WITS Vice Chancellor, Prof. Adam Habib opened the proceedings of the 62nd Bernard Price Memorial Lecture, with reflections on Dr Bernard Price - a notable engineer and scientist who straddled a number of scientific disciplines and also had significant input into the development of South Africa's electrical infrastructure. In that sense, Prof. Habib concluded that, Vinton Cerf was similar; as someone who has straddled the development in science, most notably in the sphere of Internet protocols; but has also had a profound impact on the development of the world through his contributions.
Vinton Cerf's talk definitely paid homage to that theme; where he charted the development of the Internet, from the initiation of ARPANET itself, all the way to the modern Internet of things, and inter-planetary Internet. His insights into the development of ARPANET itself was interesting - from the considerations that were needed for satellite and radio inter-connectivity, and to more humourous commentary on how the address-space allocation in IP was derived.
He covered some of the coming challenges of the Internet including privacy concerns (something, he believes will only be addressed through trial and error), the promise of Google glass (which will go on sale next year, apparently) and the policy battle for the control of the Internet.
It is the first time, I have heard a clear and succinct explanation on why ICANN is better than the ITU - ICANN is a multi-stakeholder body that includes corporations, private persons and governments; whereas ITU is purely a government organisation. Thus, ICANN, being more participatory is more likely to uphold the tenets of the Internet, as opposed to ITU which may make it a political football. He did think that ICANN requires more government engagement, especially with regards to cross-border disputes and crimes - but ultimately it should be run without political interference.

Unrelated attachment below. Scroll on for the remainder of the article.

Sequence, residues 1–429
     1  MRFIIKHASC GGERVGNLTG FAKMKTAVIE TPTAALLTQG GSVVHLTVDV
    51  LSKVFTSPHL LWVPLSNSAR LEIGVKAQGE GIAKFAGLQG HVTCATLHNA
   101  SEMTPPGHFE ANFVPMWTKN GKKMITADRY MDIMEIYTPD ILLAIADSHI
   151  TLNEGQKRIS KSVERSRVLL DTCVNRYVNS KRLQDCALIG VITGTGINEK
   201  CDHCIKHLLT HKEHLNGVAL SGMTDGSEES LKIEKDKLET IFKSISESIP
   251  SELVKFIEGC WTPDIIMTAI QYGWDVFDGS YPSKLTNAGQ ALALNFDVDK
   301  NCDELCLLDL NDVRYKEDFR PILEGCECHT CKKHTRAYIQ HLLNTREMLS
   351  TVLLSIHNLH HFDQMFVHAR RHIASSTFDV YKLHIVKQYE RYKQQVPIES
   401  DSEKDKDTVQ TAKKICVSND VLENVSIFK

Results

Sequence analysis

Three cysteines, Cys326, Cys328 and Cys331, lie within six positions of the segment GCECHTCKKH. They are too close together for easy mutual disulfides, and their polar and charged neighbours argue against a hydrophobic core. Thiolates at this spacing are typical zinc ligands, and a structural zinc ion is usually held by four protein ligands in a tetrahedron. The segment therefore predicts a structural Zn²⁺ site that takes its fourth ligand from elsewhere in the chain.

He finished with commentary on the challenges of inter-planetary Internet. I had not considered the challenges to be that difficult, beyond the physical constraints - and the actual deployment of relay points via orbiters, probes etc. is something fairly logical IMO. However, when he threw the discussion to inter-stellar Internet, and the challenges posed by the bending of light via gravity, it did make the challenges far more interesting - although the approach was seemingly still similar.
Vint Cerf is an amazing speaker, and it was a great memorial lecture by one of the great scientists of today. You can see the full video on YouTube, though apparently the slides aren't shown.